Can Rain Damage My Motorcycle?

Fed up with the rain? Your motorbike will be, too, if you make these mistakes.

Although motorcycles are built to withstand rain and are generally fine during a rainstorm, special attention needs to be paid to your bike’s well-being if it is old and the rain is particularly heavy.


Build-quality plays a role, too. A cheaper, more entry-level bike will suffer more when left in the elements than a more durable, expensive bike.

However, if your motorcycle is subject to prolonged neglect in extreme weather, it will deteriorate regardless of its build-quality.

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    What Damage Can Rain Do to My Bike?

    The two main areas of your motorcycle that can be affected by rain are your electrical system and the air filter.

    These two components are essential to the performance of your motorbike, and special care needs to be implemented to ensure the safety of yourself and others on the road.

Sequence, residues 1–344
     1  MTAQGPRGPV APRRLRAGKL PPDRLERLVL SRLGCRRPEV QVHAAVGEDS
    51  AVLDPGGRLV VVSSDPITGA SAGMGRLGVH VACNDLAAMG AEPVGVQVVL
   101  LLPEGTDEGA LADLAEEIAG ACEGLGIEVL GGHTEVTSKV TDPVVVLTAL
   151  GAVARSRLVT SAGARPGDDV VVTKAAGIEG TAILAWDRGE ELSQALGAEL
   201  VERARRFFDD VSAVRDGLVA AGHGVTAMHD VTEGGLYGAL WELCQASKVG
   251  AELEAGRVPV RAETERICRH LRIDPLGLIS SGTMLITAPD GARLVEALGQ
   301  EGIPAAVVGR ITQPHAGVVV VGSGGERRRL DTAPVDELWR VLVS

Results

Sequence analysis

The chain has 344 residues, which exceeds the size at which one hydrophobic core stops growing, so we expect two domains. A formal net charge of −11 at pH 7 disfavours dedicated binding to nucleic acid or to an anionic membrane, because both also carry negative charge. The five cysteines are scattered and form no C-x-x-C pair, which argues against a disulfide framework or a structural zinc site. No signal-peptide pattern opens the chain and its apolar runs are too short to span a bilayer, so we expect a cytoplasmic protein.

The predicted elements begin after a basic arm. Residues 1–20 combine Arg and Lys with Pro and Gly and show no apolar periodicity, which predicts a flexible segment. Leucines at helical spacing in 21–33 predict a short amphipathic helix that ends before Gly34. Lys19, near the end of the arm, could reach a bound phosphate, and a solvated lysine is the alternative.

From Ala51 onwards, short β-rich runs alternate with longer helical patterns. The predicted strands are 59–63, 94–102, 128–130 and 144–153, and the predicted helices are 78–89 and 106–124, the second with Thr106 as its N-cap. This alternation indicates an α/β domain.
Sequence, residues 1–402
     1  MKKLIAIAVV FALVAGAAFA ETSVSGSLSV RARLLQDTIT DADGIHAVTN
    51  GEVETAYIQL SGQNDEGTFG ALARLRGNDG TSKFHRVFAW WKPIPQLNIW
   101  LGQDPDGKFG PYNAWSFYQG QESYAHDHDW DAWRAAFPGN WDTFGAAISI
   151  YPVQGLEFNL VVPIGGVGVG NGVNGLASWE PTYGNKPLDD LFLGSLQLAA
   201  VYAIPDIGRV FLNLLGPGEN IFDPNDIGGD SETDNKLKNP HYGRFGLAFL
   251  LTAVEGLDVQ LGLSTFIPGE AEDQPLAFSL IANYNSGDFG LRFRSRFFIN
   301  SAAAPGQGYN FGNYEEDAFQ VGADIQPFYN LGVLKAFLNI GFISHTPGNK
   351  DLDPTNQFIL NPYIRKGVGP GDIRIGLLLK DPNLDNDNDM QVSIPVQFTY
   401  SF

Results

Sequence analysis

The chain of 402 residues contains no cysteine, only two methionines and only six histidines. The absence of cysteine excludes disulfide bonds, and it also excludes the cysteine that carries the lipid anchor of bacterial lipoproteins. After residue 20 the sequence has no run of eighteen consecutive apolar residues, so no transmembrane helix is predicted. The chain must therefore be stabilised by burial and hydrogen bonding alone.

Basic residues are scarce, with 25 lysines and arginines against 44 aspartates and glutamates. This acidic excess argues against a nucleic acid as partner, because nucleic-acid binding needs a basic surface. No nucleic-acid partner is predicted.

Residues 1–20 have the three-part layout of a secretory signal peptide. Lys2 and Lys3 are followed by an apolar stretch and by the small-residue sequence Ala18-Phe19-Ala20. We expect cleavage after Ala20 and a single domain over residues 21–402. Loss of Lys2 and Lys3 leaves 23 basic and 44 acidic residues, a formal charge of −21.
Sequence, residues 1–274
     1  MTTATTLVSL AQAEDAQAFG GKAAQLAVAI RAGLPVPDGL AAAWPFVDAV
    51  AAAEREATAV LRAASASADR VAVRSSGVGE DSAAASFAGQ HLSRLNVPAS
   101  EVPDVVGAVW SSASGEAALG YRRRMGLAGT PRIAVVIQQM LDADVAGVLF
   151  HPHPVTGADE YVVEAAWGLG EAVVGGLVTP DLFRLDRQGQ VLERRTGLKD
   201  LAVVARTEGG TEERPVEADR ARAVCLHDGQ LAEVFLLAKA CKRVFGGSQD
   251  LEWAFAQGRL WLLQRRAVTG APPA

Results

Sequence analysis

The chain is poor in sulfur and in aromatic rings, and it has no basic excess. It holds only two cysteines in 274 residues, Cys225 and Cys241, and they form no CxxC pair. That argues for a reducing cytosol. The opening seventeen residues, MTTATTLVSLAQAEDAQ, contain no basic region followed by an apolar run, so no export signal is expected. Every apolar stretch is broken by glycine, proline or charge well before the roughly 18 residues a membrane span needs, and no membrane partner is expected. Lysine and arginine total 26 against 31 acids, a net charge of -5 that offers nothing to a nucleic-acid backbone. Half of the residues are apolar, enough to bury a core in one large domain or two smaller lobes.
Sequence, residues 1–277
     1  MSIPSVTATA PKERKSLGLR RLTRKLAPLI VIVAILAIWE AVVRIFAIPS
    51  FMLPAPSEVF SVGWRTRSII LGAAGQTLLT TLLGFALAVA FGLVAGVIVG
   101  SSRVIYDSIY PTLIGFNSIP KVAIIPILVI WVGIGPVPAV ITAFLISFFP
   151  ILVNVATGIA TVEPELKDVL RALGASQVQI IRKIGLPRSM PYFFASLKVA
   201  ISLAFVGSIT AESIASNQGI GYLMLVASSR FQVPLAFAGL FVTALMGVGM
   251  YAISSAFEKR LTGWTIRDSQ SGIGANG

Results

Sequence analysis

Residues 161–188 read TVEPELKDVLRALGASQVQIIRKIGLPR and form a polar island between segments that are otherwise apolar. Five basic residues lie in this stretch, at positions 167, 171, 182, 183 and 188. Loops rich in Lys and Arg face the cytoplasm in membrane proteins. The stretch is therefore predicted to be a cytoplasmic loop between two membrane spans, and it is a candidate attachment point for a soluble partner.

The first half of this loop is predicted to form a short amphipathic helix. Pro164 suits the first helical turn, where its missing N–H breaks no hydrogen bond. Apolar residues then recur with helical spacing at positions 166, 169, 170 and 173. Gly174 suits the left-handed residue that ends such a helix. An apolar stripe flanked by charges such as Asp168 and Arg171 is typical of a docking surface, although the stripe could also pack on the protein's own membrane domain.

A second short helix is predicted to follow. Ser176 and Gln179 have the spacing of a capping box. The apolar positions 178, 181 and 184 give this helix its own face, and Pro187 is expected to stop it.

It’s natural to worry about water when riding on a wet day.

    After all, motorcycles are complicated machines that are capable of enormous power and speed, and wet conditions can greatly alter a rider’s driving experience.
    However, bikes are designed to perform in all types of different weather and a little rainwater will not make a difference to the bike’s overall health.

    But, long-term neglect in rainy weather can gradually wear your bike down – putting you, as well as other road users, in danger.

    Rain Can Impair Your Motorcycle's Electrical System

    Constant exposure to rain can cause your motorcycle’s electrical system to short-circuit and fail.

    As the rainwater seeps in and penetrates your bike’s infrastructure, long-lasting and systematic damage can occur.
    Everything from your bike’s suspension, braking system, and switchgear systems can become dangerously hampered by long-term rain exposure.

    Although the damage may not be apparent overnight, it will begin to become apparent as time goes on.

    A motorcycle with a damaged electrical system is a ticking time-bomb and can put you, as well as other road users, in serious danger.